Perceptive Travel Book Reviews November 2010
by Gillian Kendall

In this issue: An anthology of great travel stories, a no-holds-barred guide to making a living as a travel writer, and Big Bang Symphony, a novel about women working in Antarctica.

Travelers Tales: The Best Travel Writing 2010
Edited by James O'Reilly, Larry Habegger, and Sean O'Reilly

Having recently edited an anthology of travel writing, I now approach such collections with respect and dread. Respect, because I know how impossible it is to define and select the "best" writing — best in what way? Best for which readers? And dread because I expect any collection to contain a couple of clunkers. For reasons editorial, political, and personal, editors often include substandard submissions that bring down the overall tenor of a book and which the editor hopes to hide somewhere in the middle pages.

But this collection has no sore thumbs. Every piece is a solidly written account of extraordinary experience. Even though the voices are disparate and each reader will find some more appealing than others, collectively they're a pleasure to engage with. My one complaint is the low proportion of women writers: of the 30 pieces, only 10 are by women. (Editor's note: Traveler's Tales does put out a whole "Best Women's Travel Writing" collection each year, but no such anthology for just men. )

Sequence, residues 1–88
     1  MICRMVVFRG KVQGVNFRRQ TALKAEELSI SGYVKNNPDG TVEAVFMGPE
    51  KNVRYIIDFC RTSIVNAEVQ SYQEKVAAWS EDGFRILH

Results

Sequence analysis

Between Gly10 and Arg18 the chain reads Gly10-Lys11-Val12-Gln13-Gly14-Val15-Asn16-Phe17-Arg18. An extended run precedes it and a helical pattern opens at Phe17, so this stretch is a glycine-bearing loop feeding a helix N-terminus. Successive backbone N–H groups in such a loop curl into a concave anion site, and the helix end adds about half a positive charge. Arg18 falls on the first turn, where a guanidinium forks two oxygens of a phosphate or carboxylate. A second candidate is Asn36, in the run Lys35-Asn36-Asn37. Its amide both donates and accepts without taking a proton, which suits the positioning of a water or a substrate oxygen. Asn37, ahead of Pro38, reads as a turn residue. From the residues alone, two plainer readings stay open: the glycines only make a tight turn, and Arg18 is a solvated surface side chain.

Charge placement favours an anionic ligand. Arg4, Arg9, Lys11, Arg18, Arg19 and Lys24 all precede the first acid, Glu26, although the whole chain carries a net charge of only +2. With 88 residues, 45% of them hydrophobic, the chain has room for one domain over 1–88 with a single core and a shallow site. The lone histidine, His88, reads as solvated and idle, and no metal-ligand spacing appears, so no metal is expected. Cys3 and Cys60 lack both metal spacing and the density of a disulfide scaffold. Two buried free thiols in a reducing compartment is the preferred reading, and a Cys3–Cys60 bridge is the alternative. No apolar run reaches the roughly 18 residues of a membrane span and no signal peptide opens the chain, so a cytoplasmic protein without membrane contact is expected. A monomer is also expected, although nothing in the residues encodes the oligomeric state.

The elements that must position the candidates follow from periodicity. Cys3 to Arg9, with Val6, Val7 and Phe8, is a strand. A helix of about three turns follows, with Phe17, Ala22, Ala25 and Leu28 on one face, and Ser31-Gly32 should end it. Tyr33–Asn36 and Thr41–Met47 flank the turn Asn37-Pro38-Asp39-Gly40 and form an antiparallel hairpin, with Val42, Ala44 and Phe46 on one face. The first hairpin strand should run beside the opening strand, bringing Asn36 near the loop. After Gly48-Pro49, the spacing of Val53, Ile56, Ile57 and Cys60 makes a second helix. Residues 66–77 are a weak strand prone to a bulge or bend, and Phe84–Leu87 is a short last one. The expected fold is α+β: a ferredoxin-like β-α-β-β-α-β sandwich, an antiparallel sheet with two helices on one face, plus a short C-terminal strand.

Maybe one reason the collection is so disparate — and so consistently good — is that there's no unifying theme required. Consequently, the pieces vary greatly in tone as well as subject matter.

Several in the book blend history, politics, fact, myth and experience. Peter Wortsman's "Epiphany of a Middle-Aged Pilgrim in Tea-Stained Pajamas," Cameron Smith's "A Viking Repast," and David Peters' "Takumbeng, C'est Quoi?" seem to have been informed by academic study, but they are none the worse for that.